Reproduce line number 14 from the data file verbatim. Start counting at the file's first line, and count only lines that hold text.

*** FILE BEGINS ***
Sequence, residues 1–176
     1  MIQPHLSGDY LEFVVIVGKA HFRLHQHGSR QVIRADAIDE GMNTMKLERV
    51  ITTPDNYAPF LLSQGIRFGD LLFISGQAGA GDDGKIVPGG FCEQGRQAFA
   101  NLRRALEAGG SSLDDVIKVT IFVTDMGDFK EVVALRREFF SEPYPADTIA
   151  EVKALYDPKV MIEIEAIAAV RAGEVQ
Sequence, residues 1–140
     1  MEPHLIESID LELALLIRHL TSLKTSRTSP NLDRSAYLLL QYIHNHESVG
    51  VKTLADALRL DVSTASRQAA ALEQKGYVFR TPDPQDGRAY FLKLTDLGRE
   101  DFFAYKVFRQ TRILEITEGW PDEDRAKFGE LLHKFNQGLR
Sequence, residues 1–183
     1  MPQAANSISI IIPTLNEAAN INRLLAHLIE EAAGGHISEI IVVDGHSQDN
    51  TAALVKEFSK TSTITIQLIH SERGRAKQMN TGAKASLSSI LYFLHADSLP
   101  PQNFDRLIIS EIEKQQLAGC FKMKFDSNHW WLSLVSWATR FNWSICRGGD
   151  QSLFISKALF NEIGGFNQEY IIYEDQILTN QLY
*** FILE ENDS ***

   151  QSLFISKALF NEIGGFNQEY IIYEDQILTN QLY